SKYNET 5A SATELLITE STARTS MOVE EASTWARDS - Airbus Defence and Space has announced that the planned 67,000 km move of the Skynet 5A satellite over the Asia Pacific region is on track. The move from 6 degrees East to 94.8 degrees East will expand Airbus Defence and Space's capability to provide protected and secure military satcom services to allied governments in the Asia-Pacific region. The satellite will be on station at its new location in the autumn this year.
Airbus Defence and Space announced the planned move of Skynet 5A military communications satellite at the Satellite 2015 Conference in March 2015. More
(Source: Space Daily - Jul 29)
DMSP SATELLITE'S BREAK-UP LINKED TO BATTERY FAILURE - Investigators have traced the cause of an in-space disintegration of a U.S. Air Force weather satellite in February to a battery fault and identified six other spacecraft in orbit prone to the same failure.
Engineers originally suspected the polar-orbiting satellite's power system was to blame for the Feb. 3 explosion, which littered low Earth orbit with 147 objects ranging from the size of a baseball to the size of a basketball, according to an Air Force press release.
A report from engineers investigating the break-up of the Defense Meteorological Satellite Program Flight 13, or DMSP F13, spacecraft revealed the probable cause of the failure was a compromised wiring harness inside a battery charger aboard the satellite. More
(Source: SpaceFlight Now - Jul 28)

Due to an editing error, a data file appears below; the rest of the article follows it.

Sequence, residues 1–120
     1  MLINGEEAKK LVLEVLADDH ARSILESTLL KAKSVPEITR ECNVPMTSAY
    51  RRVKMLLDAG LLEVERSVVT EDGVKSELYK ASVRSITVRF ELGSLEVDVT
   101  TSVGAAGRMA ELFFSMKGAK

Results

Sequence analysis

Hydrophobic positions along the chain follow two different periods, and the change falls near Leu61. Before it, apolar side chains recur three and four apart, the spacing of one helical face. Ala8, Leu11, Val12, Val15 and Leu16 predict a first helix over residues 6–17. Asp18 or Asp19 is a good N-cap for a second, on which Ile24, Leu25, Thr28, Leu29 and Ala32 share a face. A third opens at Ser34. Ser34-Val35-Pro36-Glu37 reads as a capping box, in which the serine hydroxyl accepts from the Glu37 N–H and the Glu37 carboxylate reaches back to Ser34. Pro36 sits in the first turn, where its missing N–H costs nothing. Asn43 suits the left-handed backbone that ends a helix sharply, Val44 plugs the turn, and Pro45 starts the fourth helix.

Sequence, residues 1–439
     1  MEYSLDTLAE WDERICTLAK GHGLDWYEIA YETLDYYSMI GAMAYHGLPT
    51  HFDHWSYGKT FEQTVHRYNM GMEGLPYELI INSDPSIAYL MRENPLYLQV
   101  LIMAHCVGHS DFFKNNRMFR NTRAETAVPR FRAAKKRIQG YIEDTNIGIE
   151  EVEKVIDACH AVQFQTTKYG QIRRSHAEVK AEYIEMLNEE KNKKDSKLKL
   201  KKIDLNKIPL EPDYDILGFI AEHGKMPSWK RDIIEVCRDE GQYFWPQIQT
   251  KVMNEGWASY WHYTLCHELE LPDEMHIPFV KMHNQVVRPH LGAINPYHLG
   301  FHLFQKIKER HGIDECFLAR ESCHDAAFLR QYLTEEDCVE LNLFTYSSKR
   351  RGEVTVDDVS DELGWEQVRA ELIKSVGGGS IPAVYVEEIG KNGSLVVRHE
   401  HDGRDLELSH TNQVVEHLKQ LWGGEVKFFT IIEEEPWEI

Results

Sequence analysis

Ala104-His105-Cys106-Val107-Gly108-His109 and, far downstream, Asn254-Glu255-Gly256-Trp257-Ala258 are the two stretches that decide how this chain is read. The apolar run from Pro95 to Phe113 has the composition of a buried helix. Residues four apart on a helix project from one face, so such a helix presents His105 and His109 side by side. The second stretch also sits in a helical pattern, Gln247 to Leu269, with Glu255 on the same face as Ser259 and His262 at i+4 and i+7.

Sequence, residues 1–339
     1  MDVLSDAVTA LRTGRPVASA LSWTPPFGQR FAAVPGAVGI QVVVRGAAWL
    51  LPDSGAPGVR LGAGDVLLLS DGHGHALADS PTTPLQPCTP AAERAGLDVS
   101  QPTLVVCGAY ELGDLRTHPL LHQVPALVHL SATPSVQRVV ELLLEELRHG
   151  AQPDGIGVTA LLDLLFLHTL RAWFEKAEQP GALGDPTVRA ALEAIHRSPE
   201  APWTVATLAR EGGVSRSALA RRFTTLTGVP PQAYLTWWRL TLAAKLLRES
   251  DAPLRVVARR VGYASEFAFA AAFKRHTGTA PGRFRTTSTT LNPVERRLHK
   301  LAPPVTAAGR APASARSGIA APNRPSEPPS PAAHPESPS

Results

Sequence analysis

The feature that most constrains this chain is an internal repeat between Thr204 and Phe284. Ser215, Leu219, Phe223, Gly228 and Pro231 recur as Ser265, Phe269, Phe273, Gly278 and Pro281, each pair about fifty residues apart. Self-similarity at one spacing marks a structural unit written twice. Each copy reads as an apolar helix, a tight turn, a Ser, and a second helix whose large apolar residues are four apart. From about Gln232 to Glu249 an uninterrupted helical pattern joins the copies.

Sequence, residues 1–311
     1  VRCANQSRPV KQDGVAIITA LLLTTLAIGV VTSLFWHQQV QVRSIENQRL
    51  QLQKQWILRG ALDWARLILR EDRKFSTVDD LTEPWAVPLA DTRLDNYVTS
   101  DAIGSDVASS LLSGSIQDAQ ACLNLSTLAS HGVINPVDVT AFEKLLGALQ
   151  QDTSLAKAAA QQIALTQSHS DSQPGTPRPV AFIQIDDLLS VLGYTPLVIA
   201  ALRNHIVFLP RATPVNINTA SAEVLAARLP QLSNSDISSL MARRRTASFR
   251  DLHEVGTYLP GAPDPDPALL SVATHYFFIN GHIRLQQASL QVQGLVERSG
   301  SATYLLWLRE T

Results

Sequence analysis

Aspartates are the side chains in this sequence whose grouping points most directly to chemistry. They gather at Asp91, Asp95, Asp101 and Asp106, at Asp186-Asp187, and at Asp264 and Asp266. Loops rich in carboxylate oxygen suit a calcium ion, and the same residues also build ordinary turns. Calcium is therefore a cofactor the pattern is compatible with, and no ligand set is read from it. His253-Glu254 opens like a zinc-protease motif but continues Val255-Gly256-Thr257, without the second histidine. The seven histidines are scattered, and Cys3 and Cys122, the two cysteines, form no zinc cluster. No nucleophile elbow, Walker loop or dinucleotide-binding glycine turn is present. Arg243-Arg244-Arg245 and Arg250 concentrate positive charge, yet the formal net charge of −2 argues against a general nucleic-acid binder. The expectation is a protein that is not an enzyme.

SENTINEL 5P: SATELLITE TO TACKLE POLLUTION - A small satellite spacecraft, made in the UK is set to go into space next April. It will monitor pollution in the atmosphere to help work out which countries are causing the biggest problems to planet earth.
It's taken 6 months to build and a year to test.
Now Sentinel 5P as the satellite is called, is off for it's final four months of testing in France
They'll make sure the satellite can survive it's take off and up to 5 years in space.
The satellite will operate 824 kilometres up in orbit and take readings from the around the world every hour and a half.
It'll give a global picture of where pollution is the worst with special instruments which measure levels of certain chemicals and pollutants. More
(Source: BBC News - Jul 27)
CHINA LAUNCHES 2 SATELLITES AS IT BUILDS GPS RIVAL - China launched two new satellites into space Saturday, state media reported, as it builds a homegrown satellite navigation system to rival the US's Global Positioning System.
A rocket carrying the satellites was launched from the Xichang Satellite Launch Center in southwestern Sichuan province at 8:29 pm (1229 GMT), the official Xinhua news agency said.
The satellites are the 18th and 19th launched by China as it develops its domestic navigation system Beidou, or Compass. They take the total number launched this year to three. More
(Source: NDTV - Jul 26)
CHINA'S SPACE PROGRAM: 2016 SATELLITE LAUNCH TO SUPPORT MANNED MISSIONS, RESEARCHERS SAY - China's space program and research ambitions have continued to reach new heights Thursday, when Chinese researchers announced plans to launch a retrievable scientific research satellite in the first half of 2016. The SJ-10 satellite was set to run a series of tests that would aid scientists back on Earth conducting research in microgravity and space life science, project chief Hu Wenrui said according to state-run Xinhua News Agency. The data collected from the tests were expected to eventually be implemented to support manned space missions, as well. The satellite would specifically administer 19 experiments in 6 different scientific disciplines: microgravity fluid physics, microgravity combustion, space material science, space radiation effect, microgravity biological effect and space biological techniques. The satellite would return to Earth after 12 days of orbit in a re-entry capsule. The program was also reportedly planning to launch a satellite for quantum science experiments and an X-ray telescope to study black holes within the next two years. More